Conflict in Othello

Othello is a play which contains many conflicts between the characters. The main conflicts in ‘Othello’ are between friends and foes. Othello’s inner conflict, cultural and racial differences which lead to racial judgement and discrimination, to express these conflicts; Shakespeare uses many techniques such as soliloquies, dramatic irony, imagery foreshadowing and symbolism.
Amongst the main characters there are many conflicts, however the main reason for most of the conflict if Iago and Shakespeare use the techniques to show us how Iago causes the conflicts. This also analyzes Othello’s pride, his self conscious nature, his jealousy and his rash behaviour.
Conflict between the characters especially Iago and Othello is partly portrayed through the use of language devices such as imagery and metaphors animal imagery, sexual innuendo, irony and dramatic irony, repetition, classical and religious allusions. These devices are used to provide insight into the characters relationships, thematic concerns and a wide variety of alternatives reading. The metaphors and imagery portray how Iago despised Othello and the conflict to come between them.

Conflict is also presented through the Binary Opposition, which allowed the audience to see the change within the characters or between characters from one extreme to another. For example, we are able to follow the personal conflict and deterioration through the Binary Opposition of love and hatred as well as rational and emotional. This provides the audience to see how Othello transforms from a rational to an irrational man. Another example is the Binary Opposition of wisdom and foolishness which illustrates the conflict between Iago and Othello.
Other forms of conflict involved in this play are internal which includes hate and identity, external that consists of race, sex, gender and marriage. Adding on there is in international conflict with the Turks and Venice, racial conflict as Othello being the outsider, conflict within marriage which involves Desdemona and Othello as well as Iago and Emilia and filial conflict within the family with Desdemona and her father.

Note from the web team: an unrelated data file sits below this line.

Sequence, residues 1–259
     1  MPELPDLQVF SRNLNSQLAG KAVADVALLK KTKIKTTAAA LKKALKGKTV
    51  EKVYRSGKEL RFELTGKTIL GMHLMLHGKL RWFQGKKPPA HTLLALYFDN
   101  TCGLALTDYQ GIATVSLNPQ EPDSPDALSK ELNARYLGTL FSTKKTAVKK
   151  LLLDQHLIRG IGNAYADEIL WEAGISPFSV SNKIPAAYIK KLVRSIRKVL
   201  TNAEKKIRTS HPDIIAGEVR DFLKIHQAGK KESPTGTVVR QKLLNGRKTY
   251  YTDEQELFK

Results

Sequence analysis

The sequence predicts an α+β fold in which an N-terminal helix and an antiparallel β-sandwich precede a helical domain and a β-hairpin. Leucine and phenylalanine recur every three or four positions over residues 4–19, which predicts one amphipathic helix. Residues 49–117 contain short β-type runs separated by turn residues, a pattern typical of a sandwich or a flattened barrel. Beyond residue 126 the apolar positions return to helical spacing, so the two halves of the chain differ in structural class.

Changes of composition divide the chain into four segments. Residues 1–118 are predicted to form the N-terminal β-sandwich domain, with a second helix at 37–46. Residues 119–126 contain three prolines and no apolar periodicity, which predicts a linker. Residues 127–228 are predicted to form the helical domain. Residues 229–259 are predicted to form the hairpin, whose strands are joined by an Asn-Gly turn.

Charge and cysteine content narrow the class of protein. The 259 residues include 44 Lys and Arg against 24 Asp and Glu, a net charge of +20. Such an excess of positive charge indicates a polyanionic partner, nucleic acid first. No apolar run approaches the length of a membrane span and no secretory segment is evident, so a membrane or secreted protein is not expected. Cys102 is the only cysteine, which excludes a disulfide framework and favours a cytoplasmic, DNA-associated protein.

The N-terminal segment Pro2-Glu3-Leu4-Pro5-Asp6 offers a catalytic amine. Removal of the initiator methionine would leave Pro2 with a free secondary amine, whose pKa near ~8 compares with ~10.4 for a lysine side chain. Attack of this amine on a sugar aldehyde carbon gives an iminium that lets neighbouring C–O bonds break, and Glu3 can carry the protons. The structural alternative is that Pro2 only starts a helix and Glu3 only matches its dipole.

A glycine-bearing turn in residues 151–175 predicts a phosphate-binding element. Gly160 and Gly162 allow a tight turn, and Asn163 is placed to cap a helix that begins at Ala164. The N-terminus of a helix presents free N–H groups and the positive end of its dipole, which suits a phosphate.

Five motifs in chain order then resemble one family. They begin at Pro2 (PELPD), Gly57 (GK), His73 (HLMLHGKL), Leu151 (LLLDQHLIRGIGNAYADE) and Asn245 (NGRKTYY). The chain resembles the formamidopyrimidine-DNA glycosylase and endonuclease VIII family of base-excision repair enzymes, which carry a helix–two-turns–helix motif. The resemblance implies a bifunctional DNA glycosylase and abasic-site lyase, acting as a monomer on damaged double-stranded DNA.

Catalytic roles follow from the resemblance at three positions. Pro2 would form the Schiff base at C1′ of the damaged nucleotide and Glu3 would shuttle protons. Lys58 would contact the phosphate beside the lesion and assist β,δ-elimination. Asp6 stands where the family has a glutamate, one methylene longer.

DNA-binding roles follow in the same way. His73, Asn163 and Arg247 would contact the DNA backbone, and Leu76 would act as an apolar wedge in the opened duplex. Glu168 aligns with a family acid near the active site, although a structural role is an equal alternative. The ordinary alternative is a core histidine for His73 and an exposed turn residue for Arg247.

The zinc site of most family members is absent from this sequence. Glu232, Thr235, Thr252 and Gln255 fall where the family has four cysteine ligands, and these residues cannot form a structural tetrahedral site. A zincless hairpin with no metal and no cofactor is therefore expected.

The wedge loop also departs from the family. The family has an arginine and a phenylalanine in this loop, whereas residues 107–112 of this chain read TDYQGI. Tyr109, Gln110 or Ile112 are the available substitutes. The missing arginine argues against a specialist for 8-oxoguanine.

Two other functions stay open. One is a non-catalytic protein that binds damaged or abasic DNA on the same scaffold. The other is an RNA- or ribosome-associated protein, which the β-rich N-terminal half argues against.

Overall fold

Othello study question

There are three mall reasons for why Ago hates Othello. The first being that Ago deeply believes that there used to be an affair between his wife Email and Othello. While there is no actual evidence to support the affair, the fact that Ago believes it happened supports the fact that he is very paranoid and might be searching for reasons to hate Othello. The second is that Othello denied Ago a promotion he believes he very much deserved.
The fact that Othello gives the promotion to Cassia is what leads Ago to take out revenge on both. The third (and most obvious reason to me) Is the simple fact that Othello Is a Moor (black) and Ago Is angry act the fact Othello has authority over him and is praised by the other characters. On line 1. 3. 322, Ago meant that we get to choose who we want to be and that whatever we nurture becomes our nature. Ago chose to warn Othello because he is two-faced and wants to remain on Othello side just long enough to take him down. . Line 1. 2. 60, spoken by Othello, means that neither Barbarian or Ordering had ever drawn there swords before. Othello is mocking them because they are both inexperienced and are pulling out shiny new swords against a great warrior. Act 2 1 . Ago (who we all know to be a sexist by now) Is very cynical towards females and views them all as meaningless. We can tell from way he treats his wife that he Is unappreciative of women. He Is also very critical and engrave towards all women, believing them to be nothing but deceptive.
On line Ago describes women as being “pictures out of doors, bells in your parlors, wildcats in your kitchens, saints in your injuries, devils being offended, Players in your housewife, and housewives in your beds” (all deceptive and unfaithful creatures). . Shakespeare reveals Sago’s true character through soliloquies because they give Ago a chance to actually be honest outside of his deceptive character in the main story.